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Monday, January 18, 2010

Ought and Sacred Texts

As well known, according to Prābhākara Mīmāṃsakas the Veda conveys only prescriptive (that is, exhortative) meanings. It does not describe reality, but rather prescribes what has to be done. The latter cannot be understood, in turn, out the other means of knowledge, as they can only reflect reality (and in reality there is knowing bridging the link between is and ought). Hence, the ought can only be grasped through the Sacred Texts. Better, the unpreceded (apūrva) ought can only be grasped through them.
But how can such an understanding take place? The possibility of understanding Sacred Texts is established within Theistic traditions by the will of God who reveals them. In the atheistic Mīmāṃsā, on the other hand, it is based on a sort of falsificationism: we have to rely on worldly meanings of words even while reading Sacred Texts since, else, we would not have any key as to interpret them. Hence, the mastery of worldly meanings is a pre-condition for the understanding of a Sacred Text. But what if that texts prescribes a kind of duty which is fully new (apūrva), that is, non-attainable through any other (worldly) kind of knowledge? Should not it remain beyond any possible grasp?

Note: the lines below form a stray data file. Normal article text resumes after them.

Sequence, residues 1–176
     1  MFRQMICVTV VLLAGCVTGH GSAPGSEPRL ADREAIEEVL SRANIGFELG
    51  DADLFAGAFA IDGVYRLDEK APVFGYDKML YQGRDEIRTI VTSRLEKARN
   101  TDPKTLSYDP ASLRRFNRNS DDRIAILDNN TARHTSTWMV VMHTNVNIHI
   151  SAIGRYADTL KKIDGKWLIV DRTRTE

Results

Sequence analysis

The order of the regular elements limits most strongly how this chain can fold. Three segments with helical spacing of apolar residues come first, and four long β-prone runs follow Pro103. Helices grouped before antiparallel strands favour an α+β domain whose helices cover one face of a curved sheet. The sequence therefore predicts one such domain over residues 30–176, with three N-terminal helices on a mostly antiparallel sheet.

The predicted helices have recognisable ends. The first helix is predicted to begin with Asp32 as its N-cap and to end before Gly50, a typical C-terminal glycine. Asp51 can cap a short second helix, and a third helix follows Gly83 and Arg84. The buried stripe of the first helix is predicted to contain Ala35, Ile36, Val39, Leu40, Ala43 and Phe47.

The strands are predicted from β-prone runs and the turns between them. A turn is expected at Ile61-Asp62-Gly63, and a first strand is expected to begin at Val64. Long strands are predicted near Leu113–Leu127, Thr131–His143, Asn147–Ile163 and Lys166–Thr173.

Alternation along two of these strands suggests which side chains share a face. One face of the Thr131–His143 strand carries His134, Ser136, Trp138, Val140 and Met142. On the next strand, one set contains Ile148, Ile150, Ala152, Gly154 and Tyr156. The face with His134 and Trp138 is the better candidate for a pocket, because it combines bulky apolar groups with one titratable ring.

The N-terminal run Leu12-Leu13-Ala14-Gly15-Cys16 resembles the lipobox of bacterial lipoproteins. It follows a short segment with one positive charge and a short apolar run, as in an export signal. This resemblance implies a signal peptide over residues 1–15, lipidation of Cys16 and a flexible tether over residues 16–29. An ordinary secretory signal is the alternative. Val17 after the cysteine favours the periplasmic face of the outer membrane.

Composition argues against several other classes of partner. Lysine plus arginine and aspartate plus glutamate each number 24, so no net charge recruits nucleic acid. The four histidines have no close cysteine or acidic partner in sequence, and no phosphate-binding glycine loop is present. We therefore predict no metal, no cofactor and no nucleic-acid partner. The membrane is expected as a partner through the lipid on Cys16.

I am quite attracted by Prābhākara discussions on this border-line question. Rāmānujācārya, in his Tantrarahasya, lets a Prābhākara propose the option that even in worldly sentences prescribing something to be done what one grasps is the pure "ought", so that one can grasp the ought in itself even in mundane commands. Rāmānujācārya dissents. According to him, it is only through its link to action, which can be experienced even in this-world, that we can understand what a ought means, and, hence, understand it even in its apūrva-garb in Sacred Texts.

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